Ro’s Gift

For the past ten years I’ve cooked virtually through many of Dorie Greenspan’s cookbooks with Ro Domenico and her daughter, Tricia. Ro, who generously shares her cooking expertise, and I have the daughter, grandchildren thing going on. Reason enough for our bonding. During the past pandemic months she’s put together a cookbook and has given one to each grandchild. Priceless.


Zoom has captured the world’s attention. In the early days of the pandemic, my friend, Deb Overeynder, challenged herself not only how to use the technology for Zoom Video Conferencing but also to help others (it’s taken hours). Our Senior Center Bookclub hasn’t missed a beat because of her. She’s also hosted birthday parties, family reunions and put together conversations with her international group of Peace Corp alums. For fun, she and her husband build nursery rhyme panoramas which they e-mail to their niece and nephew who must guess the rhyme. (I play along also. Old King Cole just arrived to my In Box.)

Life imitates art.
Mary Adalaide Stickney Moore (1830-1899)
Deborah Patterson Overeynder’s Great Great Grandmother
Deborah Patterson Overeynder, Great Great Granddaughter of Mary Stickney
Portrait photographer – Phil Overeynder
Deb told me this is what happens when ‘you have too much time on your hands’ but all of us think this is wonderfully creative and happy.


Although I’ll share more next week, my family and I have our own coping skill sets. Last week should have been Clara’s prom. Cancelled. Sister Emma, with Melissa’s support, decided Clara should have a prom with all the trimmings including her being crowned Prom Queen…on their back porch.  I received play-by-play videos. Luv that family.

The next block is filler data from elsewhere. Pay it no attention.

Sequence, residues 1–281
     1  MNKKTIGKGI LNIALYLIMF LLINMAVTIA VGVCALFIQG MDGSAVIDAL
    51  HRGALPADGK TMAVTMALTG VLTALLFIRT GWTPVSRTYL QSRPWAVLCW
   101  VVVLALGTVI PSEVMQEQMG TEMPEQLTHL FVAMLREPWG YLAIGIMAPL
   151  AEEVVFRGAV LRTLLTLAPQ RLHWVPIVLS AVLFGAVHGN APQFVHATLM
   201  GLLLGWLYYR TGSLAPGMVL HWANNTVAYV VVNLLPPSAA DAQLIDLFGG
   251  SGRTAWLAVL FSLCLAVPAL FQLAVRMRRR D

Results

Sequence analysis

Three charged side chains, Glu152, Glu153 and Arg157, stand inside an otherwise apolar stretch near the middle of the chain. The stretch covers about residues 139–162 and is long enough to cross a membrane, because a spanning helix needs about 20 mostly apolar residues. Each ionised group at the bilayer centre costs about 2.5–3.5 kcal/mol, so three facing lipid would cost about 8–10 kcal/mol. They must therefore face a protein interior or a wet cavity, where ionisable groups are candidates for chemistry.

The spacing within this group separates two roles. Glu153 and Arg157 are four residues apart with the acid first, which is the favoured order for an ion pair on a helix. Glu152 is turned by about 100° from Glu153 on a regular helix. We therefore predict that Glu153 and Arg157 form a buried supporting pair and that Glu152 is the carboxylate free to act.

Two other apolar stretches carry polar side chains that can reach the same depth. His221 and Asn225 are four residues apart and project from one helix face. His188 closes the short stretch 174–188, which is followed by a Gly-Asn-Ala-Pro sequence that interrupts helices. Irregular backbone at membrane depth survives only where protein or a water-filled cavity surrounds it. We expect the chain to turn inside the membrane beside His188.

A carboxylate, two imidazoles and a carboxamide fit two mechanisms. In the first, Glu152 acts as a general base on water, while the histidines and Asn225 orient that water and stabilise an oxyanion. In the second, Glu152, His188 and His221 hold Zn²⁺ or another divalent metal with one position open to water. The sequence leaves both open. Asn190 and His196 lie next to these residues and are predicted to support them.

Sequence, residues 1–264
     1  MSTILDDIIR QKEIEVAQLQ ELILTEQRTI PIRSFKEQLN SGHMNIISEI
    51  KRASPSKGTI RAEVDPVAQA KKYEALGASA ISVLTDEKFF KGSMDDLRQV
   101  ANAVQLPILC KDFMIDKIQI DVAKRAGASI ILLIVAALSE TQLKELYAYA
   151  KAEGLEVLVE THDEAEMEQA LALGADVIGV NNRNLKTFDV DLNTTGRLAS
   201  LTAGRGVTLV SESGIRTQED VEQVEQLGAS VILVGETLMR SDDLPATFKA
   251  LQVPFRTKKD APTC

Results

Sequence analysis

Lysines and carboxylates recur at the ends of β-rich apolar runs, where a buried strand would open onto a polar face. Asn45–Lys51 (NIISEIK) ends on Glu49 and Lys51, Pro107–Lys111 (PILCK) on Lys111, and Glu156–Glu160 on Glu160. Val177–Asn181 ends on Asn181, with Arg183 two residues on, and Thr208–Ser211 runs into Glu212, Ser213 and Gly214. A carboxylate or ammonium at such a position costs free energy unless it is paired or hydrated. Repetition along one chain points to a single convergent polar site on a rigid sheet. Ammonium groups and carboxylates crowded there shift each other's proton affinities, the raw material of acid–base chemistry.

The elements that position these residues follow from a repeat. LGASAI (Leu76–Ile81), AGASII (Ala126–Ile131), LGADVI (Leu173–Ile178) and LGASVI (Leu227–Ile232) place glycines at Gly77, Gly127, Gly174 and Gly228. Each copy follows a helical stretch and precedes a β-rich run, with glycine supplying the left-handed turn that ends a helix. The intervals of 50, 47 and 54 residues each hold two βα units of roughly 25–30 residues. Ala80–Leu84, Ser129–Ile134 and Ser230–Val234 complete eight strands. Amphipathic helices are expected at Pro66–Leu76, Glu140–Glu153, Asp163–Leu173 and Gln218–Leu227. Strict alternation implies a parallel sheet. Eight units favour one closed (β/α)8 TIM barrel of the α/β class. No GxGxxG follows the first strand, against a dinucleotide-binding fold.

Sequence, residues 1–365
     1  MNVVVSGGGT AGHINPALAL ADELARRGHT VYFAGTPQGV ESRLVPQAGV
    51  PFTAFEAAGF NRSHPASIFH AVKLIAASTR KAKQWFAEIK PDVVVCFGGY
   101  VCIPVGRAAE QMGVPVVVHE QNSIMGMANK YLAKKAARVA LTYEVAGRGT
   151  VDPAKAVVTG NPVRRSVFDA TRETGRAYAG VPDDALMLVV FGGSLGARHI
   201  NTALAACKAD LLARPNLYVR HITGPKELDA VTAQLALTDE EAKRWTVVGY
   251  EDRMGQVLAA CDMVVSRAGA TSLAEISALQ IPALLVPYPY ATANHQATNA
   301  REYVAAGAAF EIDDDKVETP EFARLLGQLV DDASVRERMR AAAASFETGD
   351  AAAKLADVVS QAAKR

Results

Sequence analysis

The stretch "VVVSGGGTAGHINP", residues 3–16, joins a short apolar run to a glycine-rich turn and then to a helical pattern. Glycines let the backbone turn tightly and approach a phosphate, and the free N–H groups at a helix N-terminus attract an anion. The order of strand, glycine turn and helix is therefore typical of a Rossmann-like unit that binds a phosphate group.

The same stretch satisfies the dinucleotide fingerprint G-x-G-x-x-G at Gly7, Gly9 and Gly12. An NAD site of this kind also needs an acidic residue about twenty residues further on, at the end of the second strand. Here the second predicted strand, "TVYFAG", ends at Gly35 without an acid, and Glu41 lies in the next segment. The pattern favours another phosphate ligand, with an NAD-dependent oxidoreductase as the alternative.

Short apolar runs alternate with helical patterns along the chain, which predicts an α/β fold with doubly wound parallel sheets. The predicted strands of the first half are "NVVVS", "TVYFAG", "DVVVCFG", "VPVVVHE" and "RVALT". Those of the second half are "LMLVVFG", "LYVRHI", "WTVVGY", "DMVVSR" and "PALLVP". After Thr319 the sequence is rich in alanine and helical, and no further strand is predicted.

The prom was a surprise to Clara. This is her, “So, Mom, we’re really having a prom on our porch?” Look.
Since March 10 they’ve been 24/7 sisters. One bedroom was converted into three study offices, so they had to share a bathroom for the first time ever. It appears they survived the shock of it.
Wardrobe Change for dancing. Poor Dad, he primarily took videos (for Grandma?).


This week’s Cook the Book Fridays was blogger’s choice. This recipe for Portuguese-Style Cod and Beans En Papillote in Everyday Dorie, The Way I Cook, didn’t wow me. In the spirit of quarantine cuisine, however, I had all the ingredients but for cod. Check. I don’t often eat fish. I should. Check. Stuffing food into a tiny packet and tying a bow before cooking it is kid-friendly. Check. 

I picked up a 5-oz. cod fillet at Whole Foods, quickly pulled the dish together to steam in a parchment paper packet tied with a red/white string bow. Here’s the surprise, when I untied the cooked packet, its first puff of aroma was fabulous. As was my dinner.  This simple recipe will wow you. Guaranteed.        

PORTUGUESE-STYLE COD and BEANS EN PAPILLOTE by Dorie Greenspan, Everyday Dorie, The Way I Cook

Serves: 1 (Multiply portions as you wish.)